Following advice from the WHO, most public health agencies have promoted the idea that “social distancing” is the safest way to guard against exposure to the coronavirus. For the CDC, the magic number is six feet (in metric-based nations, it’s usually two meters). Stay at least that far away from other people, so the theory goes, and you’re safe. Since the BLE [Bluetooth Low Energy] technology on which contact-tracing apps run depends on proximity, engineers hoped that phone-to-phone contacts could serve as a reasonable proxy for risky exposures. In practice, this has turned out to be not entirely straightforward.

In theory, the strength of the BLE signal that a phone receives from another indicates the distance of the device emitting it. To test the accuracy of this assumption, researchers at Germany’s Fraunhofer-Gesellschaft simulated the experiences of people sitting on a train, waiting on line, being served by a waiter in a restaurant, and attending a cocktail party. Over 139 tests, the phones correctly determined time and distance exposure 70 percent of the time. This information seems encouraging, but the simulation took place in a test facility that lacked walls. The “train car” had no metal sides, the people waiting on line encountered no checkout counters or supermarket shelves, and neither the restaurant nor the cocktail party included walls or serving stations. This matters because radio waves often reflect off surfaces.

When researchers from the University of Dublin tried these tests in actual train cars, they obtained different results. Seven volunteers with phones running GAEN [(Google/Apple) Exposure Notification]-based apps distributed themselves around a train car and measured the signals their phones received over a fifteen-minute period. Radio waves are supposed to vary inversely according to the square of distance, so the researchers were surprised to find that the signals stayed constant at a distance of 1.5–2.5 meters and began to increase after that. Apparently, a flexible metal joint between train carriages concentrated the signal.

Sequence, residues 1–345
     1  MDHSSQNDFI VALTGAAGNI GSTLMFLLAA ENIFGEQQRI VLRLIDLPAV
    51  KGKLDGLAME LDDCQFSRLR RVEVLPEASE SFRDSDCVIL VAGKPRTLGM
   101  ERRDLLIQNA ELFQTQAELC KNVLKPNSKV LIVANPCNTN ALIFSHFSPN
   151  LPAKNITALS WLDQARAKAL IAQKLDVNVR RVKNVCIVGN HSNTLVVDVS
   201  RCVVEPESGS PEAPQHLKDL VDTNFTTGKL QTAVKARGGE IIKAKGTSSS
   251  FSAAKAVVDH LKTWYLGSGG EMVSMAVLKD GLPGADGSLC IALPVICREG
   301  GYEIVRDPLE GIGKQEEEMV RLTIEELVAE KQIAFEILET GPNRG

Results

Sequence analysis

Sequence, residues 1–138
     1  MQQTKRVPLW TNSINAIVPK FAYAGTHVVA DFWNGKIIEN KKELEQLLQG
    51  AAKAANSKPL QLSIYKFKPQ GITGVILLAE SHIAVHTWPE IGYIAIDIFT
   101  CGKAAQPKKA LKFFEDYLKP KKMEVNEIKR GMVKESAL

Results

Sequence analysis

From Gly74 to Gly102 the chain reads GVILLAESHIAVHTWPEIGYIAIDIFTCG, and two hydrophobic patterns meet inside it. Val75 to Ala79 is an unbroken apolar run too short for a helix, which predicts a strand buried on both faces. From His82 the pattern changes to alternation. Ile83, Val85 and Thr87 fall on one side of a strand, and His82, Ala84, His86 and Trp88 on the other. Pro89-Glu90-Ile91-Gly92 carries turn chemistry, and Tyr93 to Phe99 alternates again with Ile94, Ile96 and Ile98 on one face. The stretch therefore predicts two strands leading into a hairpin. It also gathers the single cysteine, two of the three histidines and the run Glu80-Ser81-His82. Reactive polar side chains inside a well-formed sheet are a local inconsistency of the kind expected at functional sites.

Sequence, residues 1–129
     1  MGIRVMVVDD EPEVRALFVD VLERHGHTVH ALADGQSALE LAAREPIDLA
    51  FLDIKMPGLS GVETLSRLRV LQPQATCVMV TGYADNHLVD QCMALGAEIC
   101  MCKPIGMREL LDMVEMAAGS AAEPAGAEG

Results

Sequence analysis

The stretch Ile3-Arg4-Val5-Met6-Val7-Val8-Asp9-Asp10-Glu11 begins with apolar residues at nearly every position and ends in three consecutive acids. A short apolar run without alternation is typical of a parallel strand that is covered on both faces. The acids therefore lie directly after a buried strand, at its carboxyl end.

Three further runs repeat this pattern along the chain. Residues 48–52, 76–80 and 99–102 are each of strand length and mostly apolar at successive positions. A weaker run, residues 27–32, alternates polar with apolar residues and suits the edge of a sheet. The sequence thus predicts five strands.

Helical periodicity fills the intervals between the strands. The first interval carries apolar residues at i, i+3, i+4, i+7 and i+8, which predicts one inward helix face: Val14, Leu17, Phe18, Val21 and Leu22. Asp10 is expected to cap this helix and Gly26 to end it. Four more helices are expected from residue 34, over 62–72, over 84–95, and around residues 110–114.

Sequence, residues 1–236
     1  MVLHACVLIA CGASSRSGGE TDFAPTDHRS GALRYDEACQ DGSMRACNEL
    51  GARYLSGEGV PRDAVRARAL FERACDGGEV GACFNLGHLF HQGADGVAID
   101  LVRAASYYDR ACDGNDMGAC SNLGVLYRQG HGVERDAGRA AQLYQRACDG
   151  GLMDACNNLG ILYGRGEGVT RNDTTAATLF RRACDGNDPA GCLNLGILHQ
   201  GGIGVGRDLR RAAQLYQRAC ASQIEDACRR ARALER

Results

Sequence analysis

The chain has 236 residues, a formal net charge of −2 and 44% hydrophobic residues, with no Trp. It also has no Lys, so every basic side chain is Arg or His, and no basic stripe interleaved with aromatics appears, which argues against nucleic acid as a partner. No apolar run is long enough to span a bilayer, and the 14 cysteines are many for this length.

As they looked more closely at the results, the researchers found more surprises. Signal strength varied depending on whether a person carried their phone in their back pocket, their front pocket, or in a backpack or handbag. The signal strength varied by device model, by the shape of the room, even by the construction materials. Depending on the construction material, BLE signals can indicate that people are near each other when they are actually in neighboring apartments.

Epidemiologists understand that the six-foot measure is somewhat arbitrary; engineers know that BLE signals don’t measure distances precisely. If the rest of us come to use these systems, we also need to understand their limitations.

Apps don’t account for real-life circumstances

Credit: Jeff J Mitchell via Getty Images

Measurement imprecision isn’t the only problem for contact-tracing and exposure-notification apps. The apps are not built to record the real-life circumstances that affect the likelihood of transmission in any given case. If Alyssa is six feet away from Ben in a small room for fifteen minutes, there’s likely risk of exposure. But if Alyssa is four feet from Ben, outside, and wearing a mask, she’s likely to be safe. Large gatherings of people indoors carry risks of spread, while similarly sized groups of masked people outdoors are less dangerous. Apps can’t distinguish between these situations. Nor do apps know if the person standing eight feet away from you is belting out a song — dangerous if they’re infected — or just standing quietly.

The apps are also ignorant of a room’s ventilation, an important factor in how the virus spreads. When an infected person breathes — or speaks, sings, coughs, or sneezes — they emit viral particles packaged in a mixture of mucus, saliva, and water. The smallest of these, aerosols, evaporate as they travel, losing some of their potency. The bigger ones, droplets, typically fall to the ground within three feet. Sometimes, though, air flow, particularly air conditioning, can push these along, putting people at further distances at risk of infection. This is apparently what happened in a restaurant in Guangzhou, China, when two people sitting well beyond the six-foot measure — and on different sides of the ill person — were infected. One was at a table more than a dozen feet away.

Biology also confuses apps. A review of published reports indicates that as many as 30–40 percent of people never show symptoms. While these studies are not based on random samples, a single study based on a large random sample of Icelanders showed a similar result: a startling 43 percent of participants tested positive without showing symptoms. Even if one assumes that only 30 percent of cases are asymptomatic — a not unreasonable assumption — then epidemiologists believe that 7 percent of transmission will arise from asymptomatic cases. This matters for the apps’ effectiveness. Asymptomatic people are less likely to get tested than those who are sick — and if there’s no test, there’s no trigger for exposure notifications.